Special thanks to naughty one for his invaluable help in pointing out storyline issues, some inconsistencies and errors! All remaining problems are solely my fault.
When the bomb went off the walls fell, bringing the roof of the building with it in a cascade of destruction unlike anything the city had ever seen before. Great billowing clouds of dust and smoke obscured the scene for hours, leaving the first responders stranded on the periphery, unable to approach the epicenter.
The damage was not limited to a single building either. Falling concrete, shattered steel beams, shrapnel ranging in size from a grain of sand to as large as a school bus, pulverized several of the surrounding buildings and bringing them down as well.
The initial death toll, even before the emergency crews could step foot on ground zero, was predicted to be almost as great as that on September 11th, 2001.
I was twenty-four when the Chase tower came down, and I was working as a stock broker. I should have been in a bullpen on the 30th floor, taking orders and calling in trades, but I had arranged for my fiancé to take a tour of the operation and was waiting in the lobby for her to arrive.
Her arrival preceded the first explosion by mere seconds. I watched her walk through the glass doors, her golden hair lit in a halo by the morning sun at her back. She was wearing a very smart business suit, all in shades of green that made her emerald eyes sparkle even from across the room.
She smiled brightly, her left hand up and starting to wave and my chest was filling with warmth and happiness. She was my other half, the missing piece to my life and I loved her more than I thought possible.
My last sight of her was a shard ... a sheet, really, of glass at least three feet across, slicing through her from her left shoulder to her right hip. There was a look of surprise on her face, and an instant of acceptance before the roof the lobby crashed down around us, blotting her from my sight forever.
Saying it was dark would be disingenuous. It was pitch black and I couldn’t see anything at all. I had managed to clear the dirt and dust from my eyes and nose, using my one free hand, but the world smelled of smoke and burned flesh, hot metal and that distinct, coppery iron smell of blood.
My left arm and both legs were trapped, but I couldn’t see by what. There was pain, but it was distant, remote. Mostly I was wracked by coughing fits as my body tried to expel the dust I had breathed in. My throat was dry and it took forever to even work up enough saliva to spit.
It seemed like every other second, the vision of my sweet Nancy would appear, torturing me. I could see the glass bisect her, the blood beginning to spray, the infinite sadness on her face for that instant before the roof fell. I tortured myself, hating myself for being alive when my soul mate was dead. If I had been smarter, faster, if I had arranged to meet her for breakfast like she had suggested.
It was a day, or a week maybe, time meant little here in my private hell, before I could hide that memory away in the dark recesses of my mind. I knew I would be seeing that image again, in my nightmares.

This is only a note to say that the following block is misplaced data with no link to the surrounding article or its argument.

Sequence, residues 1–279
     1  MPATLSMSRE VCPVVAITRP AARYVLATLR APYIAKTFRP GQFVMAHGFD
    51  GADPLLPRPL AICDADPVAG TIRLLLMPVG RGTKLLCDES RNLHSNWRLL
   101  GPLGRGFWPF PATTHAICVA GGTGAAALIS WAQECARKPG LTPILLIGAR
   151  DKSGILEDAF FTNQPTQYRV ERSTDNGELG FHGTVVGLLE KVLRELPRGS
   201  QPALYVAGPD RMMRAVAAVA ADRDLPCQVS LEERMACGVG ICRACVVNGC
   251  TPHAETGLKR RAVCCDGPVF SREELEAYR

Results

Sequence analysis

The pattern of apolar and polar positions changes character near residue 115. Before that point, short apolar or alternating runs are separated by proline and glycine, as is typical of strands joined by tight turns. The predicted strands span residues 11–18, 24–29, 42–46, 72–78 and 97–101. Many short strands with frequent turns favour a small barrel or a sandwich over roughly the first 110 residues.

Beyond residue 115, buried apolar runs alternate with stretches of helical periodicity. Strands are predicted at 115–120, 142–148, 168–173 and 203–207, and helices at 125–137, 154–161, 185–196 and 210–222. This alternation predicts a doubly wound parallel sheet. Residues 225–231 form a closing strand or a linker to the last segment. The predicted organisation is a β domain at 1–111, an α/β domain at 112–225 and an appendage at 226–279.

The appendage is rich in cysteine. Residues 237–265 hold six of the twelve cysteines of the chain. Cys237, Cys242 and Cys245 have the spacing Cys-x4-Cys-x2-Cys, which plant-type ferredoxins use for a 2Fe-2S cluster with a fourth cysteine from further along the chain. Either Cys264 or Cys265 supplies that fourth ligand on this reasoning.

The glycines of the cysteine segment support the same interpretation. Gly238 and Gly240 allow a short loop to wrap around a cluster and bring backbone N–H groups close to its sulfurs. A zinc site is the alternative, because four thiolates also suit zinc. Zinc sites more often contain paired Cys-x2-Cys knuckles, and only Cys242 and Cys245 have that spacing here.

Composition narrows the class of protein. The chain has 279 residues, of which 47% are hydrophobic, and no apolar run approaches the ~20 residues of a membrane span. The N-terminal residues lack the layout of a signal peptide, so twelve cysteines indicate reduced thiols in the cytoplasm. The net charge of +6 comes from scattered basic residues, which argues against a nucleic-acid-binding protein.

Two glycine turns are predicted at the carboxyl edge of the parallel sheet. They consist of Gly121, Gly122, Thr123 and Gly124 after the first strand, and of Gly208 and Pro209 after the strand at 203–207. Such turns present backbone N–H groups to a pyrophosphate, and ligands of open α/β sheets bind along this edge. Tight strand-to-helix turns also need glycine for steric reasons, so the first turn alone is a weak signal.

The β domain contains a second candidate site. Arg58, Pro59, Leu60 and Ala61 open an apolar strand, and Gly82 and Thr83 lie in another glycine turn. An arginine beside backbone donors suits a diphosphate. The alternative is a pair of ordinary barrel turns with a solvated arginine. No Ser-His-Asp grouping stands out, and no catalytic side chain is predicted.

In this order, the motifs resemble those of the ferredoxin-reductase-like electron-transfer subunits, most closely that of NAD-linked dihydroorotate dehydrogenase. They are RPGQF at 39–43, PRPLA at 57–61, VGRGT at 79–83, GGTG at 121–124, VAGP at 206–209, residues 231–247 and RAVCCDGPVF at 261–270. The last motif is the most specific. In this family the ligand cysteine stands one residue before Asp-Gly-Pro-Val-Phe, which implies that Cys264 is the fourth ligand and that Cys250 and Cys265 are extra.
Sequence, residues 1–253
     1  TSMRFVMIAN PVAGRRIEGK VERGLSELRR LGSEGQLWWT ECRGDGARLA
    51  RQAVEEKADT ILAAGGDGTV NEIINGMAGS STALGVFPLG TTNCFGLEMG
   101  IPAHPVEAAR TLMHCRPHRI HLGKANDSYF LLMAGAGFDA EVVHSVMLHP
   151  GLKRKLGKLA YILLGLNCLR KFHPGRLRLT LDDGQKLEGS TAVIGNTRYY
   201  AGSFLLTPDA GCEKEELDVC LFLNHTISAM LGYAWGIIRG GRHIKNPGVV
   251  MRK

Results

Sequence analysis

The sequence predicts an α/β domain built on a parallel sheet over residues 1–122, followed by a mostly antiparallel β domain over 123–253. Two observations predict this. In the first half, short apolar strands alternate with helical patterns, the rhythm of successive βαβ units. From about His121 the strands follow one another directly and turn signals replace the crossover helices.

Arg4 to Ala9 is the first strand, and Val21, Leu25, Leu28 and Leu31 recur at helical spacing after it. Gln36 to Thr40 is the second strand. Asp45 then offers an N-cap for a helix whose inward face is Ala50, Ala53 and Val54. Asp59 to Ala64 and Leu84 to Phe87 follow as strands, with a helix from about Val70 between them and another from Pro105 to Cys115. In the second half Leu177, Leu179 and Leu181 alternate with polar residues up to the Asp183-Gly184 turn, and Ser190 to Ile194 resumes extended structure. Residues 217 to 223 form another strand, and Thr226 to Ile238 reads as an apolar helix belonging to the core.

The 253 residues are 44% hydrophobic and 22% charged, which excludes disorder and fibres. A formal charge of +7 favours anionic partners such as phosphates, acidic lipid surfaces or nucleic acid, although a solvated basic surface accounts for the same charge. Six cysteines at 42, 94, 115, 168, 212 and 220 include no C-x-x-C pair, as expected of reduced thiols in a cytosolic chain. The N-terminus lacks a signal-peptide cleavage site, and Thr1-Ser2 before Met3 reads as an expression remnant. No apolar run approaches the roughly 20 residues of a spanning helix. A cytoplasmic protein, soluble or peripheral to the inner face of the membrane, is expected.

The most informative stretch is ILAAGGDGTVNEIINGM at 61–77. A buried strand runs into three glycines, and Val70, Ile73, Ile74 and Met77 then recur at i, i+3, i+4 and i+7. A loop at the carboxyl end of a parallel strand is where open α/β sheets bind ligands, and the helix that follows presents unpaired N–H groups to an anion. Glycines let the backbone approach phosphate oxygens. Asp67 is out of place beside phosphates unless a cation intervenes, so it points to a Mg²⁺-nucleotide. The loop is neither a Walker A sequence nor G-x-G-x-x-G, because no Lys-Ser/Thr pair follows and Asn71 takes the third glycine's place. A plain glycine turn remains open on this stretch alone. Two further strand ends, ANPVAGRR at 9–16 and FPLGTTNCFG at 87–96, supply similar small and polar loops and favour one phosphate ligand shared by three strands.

I thought about my family, what little there was left. Mom and Dad were both gone, so was Andy, my brother. Only Sophia and her daughters were left. Breast cancer had taken mom, too advance to fight before they even found it, and dad seemed to waste away, lasting less than a year after mom died. Andrew, Andy, my older brother, gave his life overseas as one of the Doctors Without Borders, the victim of an Improvised Explosive in Iraq.
I had friends though, a few of them anyway. Christine was my best buddy since we were in diapers. Her family lived next door to mine for my entire life and we ran the streets and alleys of Western Springs, a suburb on the outskirts of Chicago. When we were toddlers, everyone assumed we would marry, but we remained best friends through boyfriends and girlfriends, broken hearts and casual flings. Christine would be inconsolable.
Selene, she was an unattainable fantasy. She had the same taste in women that I did, and she was no-so-secretly in love with my fiancé. She became a friend in college when mutual acquaintances tried to push us together. She was drop dead gorgeous, smarter than I was and had a sense of humor that left me in stitches. I adored that woman, but she would grieve and move on. I hoped she would think of me every now and then, and raise a beer in my honor.
Lucy was the little sister I never wanted. She was my first assignment when I became a TA, and I was to get her through the class with a high enough grade to pass and get her out of the professor’s hair. Lucy was a tiny little thing, raven hair and as needy as the day was long, but she grew on me. I was the person she would come to with a problem, sure I could do just about anything. At times I raged, sometimes cried, often rejoiced in her successes, but I could no more reject Lucy than I could kick a puppy. I wondered who would care for her when I couldn’t?